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A few years ago, when Winnipeg was experiencing a particularly brutal bit of January weather, the local museum made a rather startling revelation: The temperature in town was actually as cold as the surface of Mars.

People thought it was a joke. It wasn't. On a good day (see: warm) the exterior of the red planet can hit minus-29 C. On a bad day (see: cold) in Winnipeg the mercury can hit minus-30, with the wind chill making it feel like minus-50.

It's a city that comes by its nickname, Winterpeg, honestly.

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Consequently, it's understandable that if you have the financial means, the winter months are a good time to seek refuge in the warm sun somewhere, like Costa Rica. Better still is to own a place there where you can go any time to sip Mai Tais on your veranda, while the poor plebes back home suffer in frozen silence.

In fact, that is where Manitoba Premier Brian Pallister is said to be right now, at his Central America tropical retreat, which he likes to enjoy a couple of months each year. He spent Christmas there and intends to spend most of this month there as well.

Must be nice.

While no one begrudges a politician a holiday, the length of Mr. Pallister's getaways are a concern – especially given the fact that he has admitted to not using e-mail. He told reporters he owns a laptop but rarely uses it. Any government business that needs to take place while he is away is done the old-school way – over the phone, he says.

This is not to suggest he is just sitting around in his shorts marvelling at monkeys all day. He reads books and things. In fact, he even went as far as having some of them laid out on his desk during a series of one-on-one interviews he did recently with media in a bid to quell the growing controversy over his extended holiday escape.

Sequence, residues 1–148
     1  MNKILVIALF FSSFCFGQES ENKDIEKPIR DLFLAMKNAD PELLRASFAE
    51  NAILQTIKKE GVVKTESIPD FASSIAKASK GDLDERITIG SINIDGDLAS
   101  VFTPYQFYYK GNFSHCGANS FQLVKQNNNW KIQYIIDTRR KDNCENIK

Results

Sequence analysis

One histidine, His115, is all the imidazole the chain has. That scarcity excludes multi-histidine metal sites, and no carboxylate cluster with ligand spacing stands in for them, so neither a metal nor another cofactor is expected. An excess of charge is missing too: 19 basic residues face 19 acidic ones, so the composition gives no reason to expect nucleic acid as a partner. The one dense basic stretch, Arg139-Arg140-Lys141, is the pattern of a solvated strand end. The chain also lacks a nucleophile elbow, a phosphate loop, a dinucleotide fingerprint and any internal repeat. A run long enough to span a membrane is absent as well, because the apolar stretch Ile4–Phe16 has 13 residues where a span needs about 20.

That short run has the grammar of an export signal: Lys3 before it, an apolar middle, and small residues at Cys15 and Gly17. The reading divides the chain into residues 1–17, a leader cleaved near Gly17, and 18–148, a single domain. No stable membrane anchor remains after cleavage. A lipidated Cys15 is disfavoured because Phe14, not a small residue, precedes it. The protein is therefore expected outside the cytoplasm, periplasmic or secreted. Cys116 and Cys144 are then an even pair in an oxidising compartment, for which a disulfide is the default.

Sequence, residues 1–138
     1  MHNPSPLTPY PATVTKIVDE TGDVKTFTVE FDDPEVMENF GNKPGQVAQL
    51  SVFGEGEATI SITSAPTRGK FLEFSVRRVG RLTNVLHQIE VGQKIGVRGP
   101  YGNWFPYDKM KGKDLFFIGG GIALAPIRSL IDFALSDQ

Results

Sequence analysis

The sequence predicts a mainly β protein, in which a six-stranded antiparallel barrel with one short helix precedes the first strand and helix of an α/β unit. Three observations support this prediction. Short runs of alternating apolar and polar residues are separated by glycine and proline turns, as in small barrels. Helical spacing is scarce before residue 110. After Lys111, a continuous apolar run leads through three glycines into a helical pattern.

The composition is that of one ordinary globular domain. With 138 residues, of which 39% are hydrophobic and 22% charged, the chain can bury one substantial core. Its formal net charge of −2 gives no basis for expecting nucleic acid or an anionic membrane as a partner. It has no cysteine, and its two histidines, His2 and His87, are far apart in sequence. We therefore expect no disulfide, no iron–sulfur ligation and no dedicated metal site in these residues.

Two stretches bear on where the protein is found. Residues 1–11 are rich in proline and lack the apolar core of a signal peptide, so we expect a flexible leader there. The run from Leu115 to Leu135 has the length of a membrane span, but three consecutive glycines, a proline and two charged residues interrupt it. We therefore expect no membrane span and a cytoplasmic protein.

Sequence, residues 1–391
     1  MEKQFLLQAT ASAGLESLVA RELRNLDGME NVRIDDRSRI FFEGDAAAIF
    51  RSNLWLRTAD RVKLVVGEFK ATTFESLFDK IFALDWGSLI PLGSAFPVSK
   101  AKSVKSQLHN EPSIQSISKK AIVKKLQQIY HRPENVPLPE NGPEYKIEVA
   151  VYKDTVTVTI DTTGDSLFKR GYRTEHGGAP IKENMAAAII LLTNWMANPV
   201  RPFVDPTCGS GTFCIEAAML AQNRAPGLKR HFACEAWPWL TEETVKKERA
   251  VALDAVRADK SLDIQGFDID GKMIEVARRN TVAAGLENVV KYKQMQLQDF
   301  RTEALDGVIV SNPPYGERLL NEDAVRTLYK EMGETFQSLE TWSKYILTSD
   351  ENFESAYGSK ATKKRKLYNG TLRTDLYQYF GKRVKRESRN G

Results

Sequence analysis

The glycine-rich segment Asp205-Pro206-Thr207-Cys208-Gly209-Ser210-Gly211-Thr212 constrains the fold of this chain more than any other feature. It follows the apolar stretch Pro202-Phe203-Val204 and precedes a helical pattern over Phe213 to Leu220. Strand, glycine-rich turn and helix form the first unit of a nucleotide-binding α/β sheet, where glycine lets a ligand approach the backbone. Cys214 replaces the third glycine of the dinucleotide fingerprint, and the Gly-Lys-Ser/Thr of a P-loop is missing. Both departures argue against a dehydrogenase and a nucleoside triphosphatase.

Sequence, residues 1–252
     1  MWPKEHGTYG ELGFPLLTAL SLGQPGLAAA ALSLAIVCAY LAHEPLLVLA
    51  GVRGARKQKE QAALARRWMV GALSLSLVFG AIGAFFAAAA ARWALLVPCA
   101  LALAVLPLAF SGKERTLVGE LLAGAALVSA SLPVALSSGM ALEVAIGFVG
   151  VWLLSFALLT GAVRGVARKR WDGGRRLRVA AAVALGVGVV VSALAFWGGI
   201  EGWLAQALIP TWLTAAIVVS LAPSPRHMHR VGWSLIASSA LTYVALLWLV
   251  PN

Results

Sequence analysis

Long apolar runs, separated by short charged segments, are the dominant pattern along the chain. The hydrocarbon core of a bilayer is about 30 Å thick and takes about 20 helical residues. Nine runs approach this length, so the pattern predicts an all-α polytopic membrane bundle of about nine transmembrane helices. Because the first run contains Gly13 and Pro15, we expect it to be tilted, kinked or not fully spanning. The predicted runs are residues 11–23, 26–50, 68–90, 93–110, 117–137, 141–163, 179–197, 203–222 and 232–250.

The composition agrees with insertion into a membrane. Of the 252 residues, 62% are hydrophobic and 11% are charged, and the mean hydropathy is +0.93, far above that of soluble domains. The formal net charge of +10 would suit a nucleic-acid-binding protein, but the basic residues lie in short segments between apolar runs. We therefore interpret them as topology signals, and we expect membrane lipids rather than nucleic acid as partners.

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Who knows if he reads them or not? Who knows how much government work he conducts while he's away? There is no possible way of telling. And that is just one of the problems that his extended holiday adventures pose.

The bigger issue for Mr. Pallister is one of perception. He ran for office on a pledge to clean up the province's fiscal mess, something that was only going to be done with the shared assistance and sacrifice of all Manitobans. There would be tough-love budgets that would not be painless for anyone.

Which is fair enough.

But then to take off for weeks when your citizens are enduring another type of sacrifice altogether – existing in the unforgiving frozen tundra that is Manitoba in winter – is simply poor form. Worse is to attempt to rationalize it, as Mr. Pallister has done, by saying he works 60-hour weeks when the legislature is sitting.

Sure, 60 hours is a long week. But it is also one expected of the person holding the highest office in the province. Surely, you go into the job assuming hefty workloads are ordinary. It is a privileged position that in itself is expected to come at a personal cost. Saying that because he works long hours he's entitled to disappear to his paradise playground a couple of months a year is completely tone-deaf.

There are a lot of people in Manitoba who work 60 hours a week or more, many in menial, low-paying jobs. They trudge the snow-filled streets of Winnipeg, and elsewhere, in the harshest of conditions because they have no choice. It's called surviving. For them, the notion of a tropical retreat is something locked in the images of a magazine.

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It's evident that the Premier knows none of this looks good. Accordingly, the showy display of all the "reading material" he takes down with him. ("See, I'm working! This isn't a holiday!") Even when Mr. Pallister was leader of the opposition, he acted like someone who knew disappearing down south for long stretches was politically problematic.

He got caught in bald-faced lies a couple of times when he was at his holiday abode but had indicated he was somewhere else.

Clearly, it's a luxury he's not prepared to give up. It may be a decision that prompts those he leaves behind to say during the next election: If you love it so much, stay there.

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